10 attractions within 10 minutes of Montréal’s convention centre

published on August 16, 2016
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Whether you’re in between conference sessions, wrapping up a big day of meetings or just need to go for a quick walk, there are tons of sightseeing options steps away from the Palais des congrès de Montréal (the local convention centre). The compact, walkable city centre puts everything within easy reach. Here are 10 great attractions just 10 minutes from our very central convention centre.

1. Notre Dame Basilica. This place of divinity is a thing of rare beauty. Designed in the Gothic Revival style by Irish Protestant architect James O’Donnell (he converted to Catholicism just before his death to be buried there), and built between 1824 and 1829, it is a symphony of sculpted wood, soaring gold-painted ceilings and intricate detail. A massive 7,000-pipe organ dominates the back wall. Utterly breathtaking

2. Place d’Armes. A public square dating back to the late 1600s situated in front of above-mentioned basilica, Place d’Armes allows you to experience a slice (or square) of Montréal’s riveting history. Stand in the center and do a slow 360 as you soak in some truly gorgeous and historic buildings of the old city, including the Saint-Sulpice Seminary right next to the Basilica, the country’s oldest bank and Montréal’s first skyscraper. 

3. Toqué. If you appreciate locally-sourced, modern cuisine, reserve a table at Toqué, one of Montréal’s finest restaurants. Boasting a CAA/AAA Five Diamond rating and reviews in Wine Spectator, Gourmet, GQ Magazine and Food & Wine, it has also been an exclusive Relais & Châteaux member since 2006. But enough about the honours: let’s talk food! Chef Normand Laprise has always prized market-fresh, locally-grown products and they absolutely shine in his kitchen. For two decades, he has been treating patrons to gourmet dining—this is a gastronomic sure bet.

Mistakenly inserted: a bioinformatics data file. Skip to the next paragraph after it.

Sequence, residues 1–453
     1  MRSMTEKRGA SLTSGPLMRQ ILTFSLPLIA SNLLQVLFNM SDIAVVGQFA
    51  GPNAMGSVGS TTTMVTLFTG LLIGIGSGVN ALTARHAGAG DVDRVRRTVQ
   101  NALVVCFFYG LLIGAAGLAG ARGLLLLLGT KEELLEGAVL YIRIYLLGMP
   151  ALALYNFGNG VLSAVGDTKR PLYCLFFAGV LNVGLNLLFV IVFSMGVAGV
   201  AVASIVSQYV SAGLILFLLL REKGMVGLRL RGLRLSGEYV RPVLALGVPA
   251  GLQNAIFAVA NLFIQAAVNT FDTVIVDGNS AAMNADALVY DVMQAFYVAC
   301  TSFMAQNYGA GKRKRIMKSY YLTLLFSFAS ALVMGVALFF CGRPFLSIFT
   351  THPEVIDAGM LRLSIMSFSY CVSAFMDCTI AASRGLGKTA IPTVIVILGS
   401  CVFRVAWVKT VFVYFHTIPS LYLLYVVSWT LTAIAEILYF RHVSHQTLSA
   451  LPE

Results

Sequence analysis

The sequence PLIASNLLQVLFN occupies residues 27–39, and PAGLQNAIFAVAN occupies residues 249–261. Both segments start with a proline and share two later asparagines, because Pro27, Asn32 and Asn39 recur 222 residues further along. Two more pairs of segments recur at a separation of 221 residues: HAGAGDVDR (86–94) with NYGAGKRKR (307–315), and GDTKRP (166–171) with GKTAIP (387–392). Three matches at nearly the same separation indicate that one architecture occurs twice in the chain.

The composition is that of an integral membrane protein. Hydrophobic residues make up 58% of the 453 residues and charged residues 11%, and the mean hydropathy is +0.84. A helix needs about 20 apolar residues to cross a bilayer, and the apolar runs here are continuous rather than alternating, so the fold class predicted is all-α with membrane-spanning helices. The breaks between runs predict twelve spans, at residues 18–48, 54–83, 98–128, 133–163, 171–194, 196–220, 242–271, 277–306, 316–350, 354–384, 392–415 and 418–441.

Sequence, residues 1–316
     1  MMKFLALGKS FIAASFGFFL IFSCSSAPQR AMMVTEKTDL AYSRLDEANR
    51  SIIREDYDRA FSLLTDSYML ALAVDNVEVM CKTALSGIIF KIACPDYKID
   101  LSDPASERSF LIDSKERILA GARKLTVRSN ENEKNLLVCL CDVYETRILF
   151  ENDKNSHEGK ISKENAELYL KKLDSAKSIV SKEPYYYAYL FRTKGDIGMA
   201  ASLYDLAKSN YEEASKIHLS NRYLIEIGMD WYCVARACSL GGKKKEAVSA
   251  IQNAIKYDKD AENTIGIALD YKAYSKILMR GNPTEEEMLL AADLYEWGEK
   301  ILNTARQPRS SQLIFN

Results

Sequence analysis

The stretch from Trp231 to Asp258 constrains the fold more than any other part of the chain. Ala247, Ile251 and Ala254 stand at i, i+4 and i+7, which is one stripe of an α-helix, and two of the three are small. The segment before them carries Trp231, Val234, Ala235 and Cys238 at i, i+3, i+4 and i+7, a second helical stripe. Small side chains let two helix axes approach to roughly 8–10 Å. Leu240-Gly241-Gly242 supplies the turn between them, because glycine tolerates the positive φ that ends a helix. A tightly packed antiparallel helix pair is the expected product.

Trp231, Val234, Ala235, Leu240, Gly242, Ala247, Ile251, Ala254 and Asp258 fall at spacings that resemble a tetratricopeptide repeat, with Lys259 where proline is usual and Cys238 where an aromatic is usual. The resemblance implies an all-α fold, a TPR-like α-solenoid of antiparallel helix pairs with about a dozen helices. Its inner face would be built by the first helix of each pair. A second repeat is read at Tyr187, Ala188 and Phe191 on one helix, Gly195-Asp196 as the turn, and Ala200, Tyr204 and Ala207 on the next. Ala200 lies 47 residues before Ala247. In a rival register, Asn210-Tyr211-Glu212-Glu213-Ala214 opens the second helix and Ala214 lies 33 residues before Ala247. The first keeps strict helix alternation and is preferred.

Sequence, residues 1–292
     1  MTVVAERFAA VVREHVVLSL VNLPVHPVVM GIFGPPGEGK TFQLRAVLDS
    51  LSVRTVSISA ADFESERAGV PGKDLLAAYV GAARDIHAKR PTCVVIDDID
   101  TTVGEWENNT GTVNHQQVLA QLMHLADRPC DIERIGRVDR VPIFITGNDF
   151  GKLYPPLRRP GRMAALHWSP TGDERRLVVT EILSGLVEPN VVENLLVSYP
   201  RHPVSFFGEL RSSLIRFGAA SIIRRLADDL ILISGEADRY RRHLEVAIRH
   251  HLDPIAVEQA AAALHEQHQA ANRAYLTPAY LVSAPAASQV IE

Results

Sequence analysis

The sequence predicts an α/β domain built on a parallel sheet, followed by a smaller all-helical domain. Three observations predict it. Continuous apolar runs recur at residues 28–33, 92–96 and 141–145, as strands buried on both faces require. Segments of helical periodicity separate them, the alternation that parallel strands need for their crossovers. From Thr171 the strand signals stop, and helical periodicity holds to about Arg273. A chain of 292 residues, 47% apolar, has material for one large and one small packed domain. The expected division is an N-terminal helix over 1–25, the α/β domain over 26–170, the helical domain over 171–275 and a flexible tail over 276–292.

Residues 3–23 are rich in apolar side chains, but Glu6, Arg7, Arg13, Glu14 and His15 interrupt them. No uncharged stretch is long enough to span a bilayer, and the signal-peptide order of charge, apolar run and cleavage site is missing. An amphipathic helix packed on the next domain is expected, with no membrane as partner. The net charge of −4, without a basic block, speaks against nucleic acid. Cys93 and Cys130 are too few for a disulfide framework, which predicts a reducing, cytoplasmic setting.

4. The exterior of the convention centre. The massive kaleidoscope wall is made up of 332 coloured glass panels and 58 clear glass panels. The creation, entitled TransLucide, represents the purpose of the convention centre as a place where different points of view converge. No trip to Montréal is complete without a snapshot in front of this iconic installation. 

5. Chinatown. Dim sum, anyone? Although modest-sized, Montréal’s bustling Chinatown offers an exotic “getaway” just a hop and skip from the Palais. Roam the pedestrian-friendly streets chock full of restaurants, Asian markets and grocery stores, shops to buy herbs and natural medicines and even martial arts accessories.

6. Suite 701 at the Place d’Armes Hotel. If you’re looking for a chic spot to kick back with a cocktail, consider this upscale dining place and watering hole. The lounge/restaurant’s menu is “modern brasserie cuisine” and features tasty items to go with whatever you are sipping. With its high ceilings, airy spaces and elegant furniture, this is a swanky yet unpretentious place to relax and mingle. 

7. Cité Mémoire. Sure the neighbourhood of Old Montréal is peppered with private art galleries, but one of the coolest art experiences won’t be found inside. Cité Mémoire exposition is the largest outdoor video-projection installation in the world. The projections tell the story of local individuals who have helped shape the city we have today. Visitors activate the projects with an app from their own mobile device. 

8. Montréal Science Centre. Take your inner geek for a stroll and re-fire your neurons! This dynamic, interactive space shines the spotlight on—you guessed it—science and technology and the impact both have had on society. Its exhibition halls focus on Canadian innovations and inventions in particular. If you feel like a movie, it is also home to the IMAX®Telus Cinema. 

9. Old Port of Montréal. Maybe the wind in your hair is what you need after a busy day of networking. A superb scenic spot is Montréal’s harbour front, where you can gaze at the majestic St. Lawrence River, check out giant cruise ships or observe the many marine comings-and-goings, including sailboats, motorboats and pedal boats. There’s lot of stuff on dry land too: bright bistros with terraces, boutiques and high-end spas, if you need to get the knots worked out. 

10. Art galleries along Saint Paul Street. This is easy on the eyes in addition to being history-rich (info nugget: Saint-Paul is Montréal’s oldest street). Take time to step off the cobblestones into these tasteful temples to the visual arts and pamper your senses. You can rest your gaze on Inuit art as well as contemporary canvasses by artists from Québec, Canada and around the world. All very tasteful.